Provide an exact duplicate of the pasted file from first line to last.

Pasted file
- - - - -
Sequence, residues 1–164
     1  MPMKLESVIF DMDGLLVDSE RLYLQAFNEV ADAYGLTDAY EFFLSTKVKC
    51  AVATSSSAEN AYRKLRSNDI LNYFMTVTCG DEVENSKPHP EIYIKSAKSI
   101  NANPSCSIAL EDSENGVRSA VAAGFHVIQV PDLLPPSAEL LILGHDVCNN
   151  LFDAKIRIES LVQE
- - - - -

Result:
Sequence, residues 1–164
     1  MPMKLESVIF DMDGLLVDSE RLYLQAFNEV ADAYGLTDAY EFFLSTKVKC
    51  AVATSSSAEN AYRKLRSNDI LNYFMTVTCG DEVENSKPHP EIYIKSAKSI
   101  NANPSCSIAL EDSENGVRSA VAAGFHVIQV PDLLPPSAEL LILGHDVCNN
   151  LFDAKIRIES LVQE